A sorta-belated companion to the Ceannic “words for sexual orientation” strip!
The main Ceannic terms are basically on the same axis as the English ones, they just slice it up at different places. Sønska focuses on a whole different axis. (We can talk about it in English, it’s just less elegant.)
Thorn: Say, Leif, we haven’t talked about your language’s terms for sexual orientation.
Leif: Then let’s! Unlike yours, our main words for it aren’t even related to gender . . .
Active-sexual (feels spontaneous desire towards other people)
Responsive-sexual (not driven to seek out sex, but can have desire stimulated by someone else’s actions)
Non-sexual (no desire for sex, in any circumstances)
* Note: orientation can be shifted by age, hormones, health conditions, and other factors. It’s not considered surprising or contradictory for a person to use different labels over time.
[Imri] – dysphoria + testosterone = [Imri]
Leif: Oh, and: if you only feel desire for people from one gender, you’re “monosexual.” According to most surveys, they’re a surprisingly large minority! But it’s hard to get an exact number. Doesn’t make much sense to me, but I guess if it makes them happy . . .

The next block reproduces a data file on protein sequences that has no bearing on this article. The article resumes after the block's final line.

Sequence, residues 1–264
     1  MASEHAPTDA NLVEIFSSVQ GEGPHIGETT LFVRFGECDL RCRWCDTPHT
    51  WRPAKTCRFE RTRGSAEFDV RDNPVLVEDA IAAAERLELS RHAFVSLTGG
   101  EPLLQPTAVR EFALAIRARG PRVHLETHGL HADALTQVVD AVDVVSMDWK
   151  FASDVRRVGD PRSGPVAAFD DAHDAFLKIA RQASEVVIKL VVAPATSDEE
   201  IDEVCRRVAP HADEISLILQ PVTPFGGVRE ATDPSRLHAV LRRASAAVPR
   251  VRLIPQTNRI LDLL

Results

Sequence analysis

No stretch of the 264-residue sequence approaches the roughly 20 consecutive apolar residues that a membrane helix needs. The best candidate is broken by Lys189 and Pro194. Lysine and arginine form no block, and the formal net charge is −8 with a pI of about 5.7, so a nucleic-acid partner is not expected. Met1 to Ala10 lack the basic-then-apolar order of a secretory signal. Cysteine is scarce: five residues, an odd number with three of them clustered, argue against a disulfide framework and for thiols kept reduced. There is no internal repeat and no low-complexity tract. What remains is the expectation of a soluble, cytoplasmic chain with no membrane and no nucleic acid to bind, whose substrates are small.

The rest of us are “multisexual.” We don’t have lots of different terms for subtle variations on that, like you do in Ceanska. In Sønska, if it’s important for someone to know the specifics, then it’s worth explaining them in detail.
Thorn: So . . . I usually don’t “seek out” sex, but that’s because I don’t like it when it’s casual. No matter how hot it is, it’s too messy emotionally. I do feel spontaneous attraction. But in most cases, I don’t act on it — at least, not directly. Is that . . . ?
Leif: That’s a common way to be active-sexual. There’s no orientation that means you can’t still think and make choices.
. . . and you think I’m that worth choosing, huh.
Thorn: Well, yeah. Not to belabor the point here, but I love you.